Australia – General information

At 7,682,300 square kilometers, Australia is the sixth largest country in the world, 21 times the size of Germany. It is divided into two climatic zones. The northern half (Brisbane – Alice Springs line) represents the tropics, the southern half the temperate climate. Australia has 18 million inhabitants.

Australia is surrounded by the Indian and Pacific Oceans. From Asia it is 350 km away from South America 13,000 km. The coastline is 19,700 km long. The average annual income is $ 23.600.

Life expectancy is an average of 78 years. Colloquial is English. Australia is increasingly becoming a holiday destination for us Europeans. If you used to fly up to 36 hours because of the numerous stops, today it is possible to reach Australia in under 24 hours with the modern aircraft. Usually only one stopover per route is necessary. Australia is a land of stark contrasts with the adventurous inland and the (sub) tropical rainforest.

There are miles of deserted sandy beaches with a pleasant temperate ocean. The cities have world level. But there are also the small, dreamy villages where you can still understand the adventure of gold mining and the search for opals today.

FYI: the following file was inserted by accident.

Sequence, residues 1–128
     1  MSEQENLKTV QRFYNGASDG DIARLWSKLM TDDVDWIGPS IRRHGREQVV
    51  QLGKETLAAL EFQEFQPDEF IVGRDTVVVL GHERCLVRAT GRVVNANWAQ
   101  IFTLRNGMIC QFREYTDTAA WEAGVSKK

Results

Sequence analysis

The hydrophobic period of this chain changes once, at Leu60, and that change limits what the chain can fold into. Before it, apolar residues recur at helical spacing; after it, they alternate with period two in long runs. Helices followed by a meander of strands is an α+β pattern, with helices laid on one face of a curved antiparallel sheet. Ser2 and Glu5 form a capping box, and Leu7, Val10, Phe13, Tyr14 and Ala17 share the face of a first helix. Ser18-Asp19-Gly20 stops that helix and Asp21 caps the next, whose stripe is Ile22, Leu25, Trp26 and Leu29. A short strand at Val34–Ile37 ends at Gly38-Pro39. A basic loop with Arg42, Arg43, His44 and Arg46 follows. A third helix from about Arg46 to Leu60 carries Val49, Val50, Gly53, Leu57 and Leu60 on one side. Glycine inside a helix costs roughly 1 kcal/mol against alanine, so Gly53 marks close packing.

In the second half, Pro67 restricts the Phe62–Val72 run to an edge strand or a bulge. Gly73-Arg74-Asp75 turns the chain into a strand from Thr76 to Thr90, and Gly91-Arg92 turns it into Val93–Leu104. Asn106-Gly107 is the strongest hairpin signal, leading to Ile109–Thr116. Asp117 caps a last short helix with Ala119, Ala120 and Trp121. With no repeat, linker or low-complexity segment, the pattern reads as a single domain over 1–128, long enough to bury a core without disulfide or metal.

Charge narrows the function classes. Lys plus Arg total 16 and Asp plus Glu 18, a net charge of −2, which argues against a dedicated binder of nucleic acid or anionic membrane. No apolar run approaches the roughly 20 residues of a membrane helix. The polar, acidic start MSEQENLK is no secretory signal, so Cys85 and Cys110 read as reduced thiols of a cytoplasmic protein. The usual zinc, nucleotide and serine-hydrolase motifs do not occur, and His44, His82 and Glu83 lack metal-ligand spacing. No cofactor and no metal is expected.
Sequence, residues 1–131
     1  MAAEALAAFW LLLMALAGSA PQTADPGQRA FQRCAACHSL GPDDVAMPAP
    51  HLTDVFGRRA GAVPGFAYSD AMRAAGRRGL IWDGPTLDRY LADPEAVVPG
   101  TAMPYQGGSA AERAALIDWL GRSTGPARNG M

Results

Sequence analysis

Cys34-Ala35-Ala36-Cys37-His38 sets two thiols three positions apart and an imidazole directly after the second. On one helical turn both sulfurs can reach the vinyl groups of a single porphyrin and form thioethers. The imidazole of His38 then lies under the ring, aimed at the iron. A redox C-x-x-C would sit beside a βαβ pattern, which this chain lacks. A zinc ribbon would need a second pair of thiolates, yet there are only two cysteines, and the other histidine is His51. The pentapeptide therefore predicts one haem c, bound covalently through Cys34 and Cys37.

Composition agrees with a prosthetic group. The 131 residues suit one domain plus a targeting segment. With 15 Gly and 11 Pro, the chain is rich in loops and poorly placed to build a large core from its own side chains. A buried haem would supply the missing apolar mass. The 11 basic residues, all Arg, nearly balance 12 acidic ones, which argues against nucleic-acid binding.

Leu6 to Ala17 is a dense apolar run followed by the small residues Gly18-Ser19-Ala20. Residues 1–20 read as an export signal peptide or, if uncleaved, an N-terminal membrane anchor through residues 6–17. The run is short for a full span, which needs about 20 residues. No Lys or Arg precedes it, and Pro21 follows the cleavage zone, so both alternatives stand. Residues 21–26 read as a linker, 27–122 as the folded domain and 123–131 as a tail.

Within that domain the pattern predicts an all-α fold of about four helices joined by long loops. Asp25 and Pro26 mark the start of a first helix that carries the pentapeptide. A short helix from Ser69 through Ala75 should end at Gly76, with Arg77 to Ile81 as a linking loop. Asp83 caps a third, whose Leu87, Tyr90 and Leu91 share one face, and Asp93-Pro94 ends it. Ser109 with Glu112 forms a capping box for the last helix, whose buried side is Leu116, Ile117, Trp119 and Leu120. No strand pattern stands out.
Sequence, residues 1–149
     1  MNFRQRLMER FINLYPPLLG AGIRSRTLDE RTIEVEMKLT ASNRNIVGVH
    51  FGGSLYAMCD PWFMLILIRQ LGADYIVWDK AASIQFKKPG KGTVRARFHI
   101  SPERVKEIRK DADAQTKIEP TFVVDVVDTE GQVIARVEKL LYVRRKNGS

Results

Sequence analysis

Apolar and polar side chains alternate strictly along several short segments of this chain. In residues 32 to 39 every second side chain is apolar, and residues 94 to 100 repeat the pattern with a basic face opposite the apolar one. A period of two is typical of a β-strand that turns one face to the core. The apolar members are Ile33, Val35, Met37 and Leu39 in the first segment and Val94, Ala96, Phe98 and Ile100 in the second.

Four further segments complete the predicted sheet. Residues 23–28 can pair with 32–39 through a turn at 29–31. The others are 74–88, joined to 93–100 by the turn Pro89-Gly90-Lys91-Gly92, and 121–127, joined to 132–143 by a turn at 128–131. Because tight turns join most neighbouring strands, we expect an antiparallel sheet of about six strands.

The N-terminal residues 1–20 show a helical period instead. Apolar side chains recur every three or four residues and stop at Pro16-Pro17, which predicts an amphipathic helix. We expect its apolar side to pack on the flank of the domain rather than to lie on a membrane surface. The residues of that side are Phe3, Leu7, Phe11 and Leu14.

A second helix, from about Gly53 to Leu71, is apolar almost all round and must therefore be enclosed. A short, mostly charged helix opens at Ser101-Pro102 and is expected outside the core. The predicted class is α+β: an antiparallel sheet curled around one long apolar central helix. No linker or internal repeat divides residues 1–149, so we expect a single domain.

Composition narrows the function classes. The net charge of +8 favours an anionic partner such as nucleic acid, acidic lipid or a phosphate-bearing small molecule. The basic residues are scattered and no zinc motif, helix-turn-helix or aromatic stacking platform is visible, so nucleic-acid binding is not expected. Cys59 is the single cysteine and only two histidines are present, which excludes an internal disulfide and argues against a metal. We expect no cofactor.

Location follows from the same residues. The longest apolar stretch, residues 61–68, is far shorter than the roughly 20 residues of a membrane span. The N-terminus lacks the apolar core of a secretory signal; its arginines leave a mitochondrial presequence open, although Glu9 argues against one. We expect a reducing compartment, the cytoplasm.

The national holiday is the 26.1.

The time zones from west to east are CET + 7 hours, 8 1/2, 9 hours.
The currency is the Australian dollar ($ A or AUD) = 100 cents.
The states of Australia include New South Wales, Queensland, South Australia, Western Australia, Northern Territory, Victoria, Tasmania and the Capital Territory.
Of the approximately 18 million inhabitants of Australia, most live in coastal areas and large cities. The inhabitants come from many different countries.

The Aborigines are the Aborigines, representing about 220,000 people a minority on the continent. They live mainly in the north of the country and are still partially housed in reserves.

The whites make up the lion’s share, of which around 85% are British. The remaining inhabitants are predominantly from the other European countries. Recently, the proportion of Asians with 8% continues to increase. More than 2/3 of the continent are sparsely populated. Well over 90% of the total population live in the SO Australia. The main part of this lives in the big cities.